There is no guarantee that a federal program will be better, but at least this is possible, which is a step in the right direction.

He: I'm not sure most people will be able to understand all this.

Me: But you do; why not others?

 

Peter Dodington

November 25, 2017

 

22Jul/170

Local and Distant Public Schools

Todd Kominiak, in his blog at TrustEDk-12.com, has written that the schools are doing better than is generally thought, since most people report that their own public school is doing well.  He quotes an article in the Atlantic by Jack Schneider (7/17/17) who notes that the yearly poll in the Kappan magazine always shows that people give their local schools an A or B rating, but grades of a C or D to distant schools.  Everyone thinks their local school is fine, but that the schools in general need work.

From this Mr. Kominiak concludes that that the schools are doing better than we think.  Much as I agree with that sentiment, there are some problems with that specific claim.  First, there are many more distant schools for any one person than their one local school, so the evidence is still that, overall, the schools are getting a low grade.  Everyone is still saying that there is one good school and lots of lousy ones.

Secondly, the fact that the public is confused on this issue, (since obviously they are misjudging those distant schools, which are rated well by their own residents, the ones who ought to know them best) means that this “data” on the schools should not be relied on too heavily.  The question is not whether the ill-informed public thinks some schools are doing well, but whether they actually are doing well.  That has not been decided by this data.

Still, I am glad Mr. Kominiak brings up this issue.  It indicates several important factors about the public schools.  For one, it reminds us that all the schools, not just ones in affluent suburbs, have their supporters.  The Kappan people are very careful to sample all parts of the population, including the urban and rural poor, who make up a significant portion of the school-age population.  These people also think that their local school is doing well.  In other words, a school with low scores in a big city, which is classified by many outsiders as “failing,” is actually seen as a success by the parents who send their children there.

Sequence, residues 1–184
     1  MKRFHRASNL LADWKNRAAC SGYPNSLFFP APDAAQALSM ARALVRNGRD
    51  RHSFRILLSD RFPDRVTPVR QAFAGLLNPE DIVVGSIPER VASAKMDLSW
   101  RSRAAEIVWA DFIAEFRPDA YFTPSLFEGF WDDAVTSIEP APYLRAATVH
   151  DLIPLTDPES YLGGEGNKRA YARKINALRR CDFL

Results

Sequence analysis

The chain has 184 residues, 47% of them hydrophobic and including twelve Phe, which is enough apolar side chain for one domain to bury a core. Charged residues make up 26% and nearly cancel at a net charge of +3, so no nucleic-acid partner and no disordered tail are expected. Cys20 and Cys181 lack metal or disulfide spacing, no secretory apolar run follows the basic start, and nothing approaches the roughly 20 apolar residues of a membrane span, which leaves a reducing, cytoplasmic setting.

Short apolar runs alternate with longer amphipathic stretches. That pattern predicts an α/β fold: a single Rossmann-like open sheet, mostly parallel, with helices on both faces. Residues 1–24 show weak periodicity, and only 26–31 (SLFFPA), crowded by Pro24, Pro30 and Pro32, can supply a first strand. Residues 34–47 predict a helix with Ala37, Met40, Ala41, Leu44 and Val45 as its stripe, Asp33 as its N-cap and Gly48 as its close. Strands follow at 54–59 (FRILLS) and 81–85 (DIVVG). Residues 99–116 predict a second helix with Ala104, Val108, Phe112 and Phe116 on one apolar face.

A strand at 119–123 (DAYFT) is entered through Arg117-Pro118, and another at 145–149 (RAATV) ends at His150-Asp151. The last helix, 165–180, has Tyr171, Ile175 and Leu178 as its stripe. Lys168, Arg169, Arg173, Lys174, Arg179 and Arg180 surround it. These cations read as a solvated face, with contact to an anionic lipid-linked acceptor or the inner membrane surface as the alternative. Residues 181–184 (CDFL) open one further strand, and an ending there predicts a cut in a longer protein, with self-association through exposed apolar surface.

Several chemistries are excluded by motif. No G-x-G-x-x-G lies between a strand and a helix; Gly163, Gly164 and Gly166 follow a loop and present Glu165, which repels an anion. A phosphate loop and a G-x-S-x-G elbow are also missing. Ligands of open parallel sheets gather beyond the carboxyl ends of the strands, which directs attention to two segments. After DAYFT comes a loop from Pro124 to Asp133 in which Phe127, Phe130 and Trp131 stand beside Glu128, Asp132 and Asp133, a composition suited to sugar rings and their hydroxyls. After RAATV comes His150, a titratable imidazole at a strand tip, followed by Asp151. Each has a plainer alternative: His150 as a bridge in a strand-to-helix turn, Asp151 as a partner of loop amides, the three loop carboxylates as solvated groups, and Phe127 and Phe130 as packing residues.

This sounds about right to me from my own experience.  When I worked at low-performing schools I always found that our parents loved us.  They obviously knew that there were problems, but, what else was new?  Of course they had problems; that’s why they were in the South Bronx.  At least the schools were trying to help.  The parents knew that the scores were low, but understood that this was because we were working with kids who came to us with low scores, and they respected us for working with them.  As I have noted elsewhere, it is quite possible to be a good school with low scores.

Secondly, these articles bring up a question we need to answer: why this is happening? What is going wrong in the public’s perception of these distant schools?  Why are we underrating them?  Mr. Schneider, in the Atlantic,  argues that our critique of distant schools might be due to such factors as the negative publicity he says that the federal government puts out about public education in general, or that the efforts of “civil rights activists” to blame public education for segregation makes us underrate them, but these arguments do not make sense.  Why would such broad influences affect only the public’s attitudes towards distant schools and not their own local school?  They should have the same effect on all the public schools, not just the distant ones.  The question is why the public has different attitudes towards these two groups of schools, and this is not answered by such general factors which affect all schools equally.

Well, you might say, maybe these general factors do matter, but the public has reasons to discount the negative influences on their local schools, since they can see with their own eyes that their local schools are succeeding.

Exactly.  It's that difference in perception that is crucial.  That’s where the real difference between the two groups lies.  At your local school you can see with your own eyes how the schools are succeeding at their various projects – the kids are learning, they are happy, they seem to be getting along with each other.  Your 10-year-old now knows where India is.  This is what you base your opinion on.

But at the distant schools you get none of this information.  You don’t know the kids, or their families, or anyone in the town.  You have to rely, then, on test score “data,” and that doesn’t work very well.  As Mr. Schneider notes, test scores don't tell taxpayers what they want to know about a distant school.  It’s data on the kids, not the graduates, and that’s a problem.

After all, why do we support those distant schools?  They aren’t teaching our own kids.  It's because public education produces social goods that we value: a lower crime rate, better health, more intelligent workers.  Education is related to all those outcomes.  It’s a public program, like the police or public health, that benefits our society, not just our own private needs such as the education of our own children.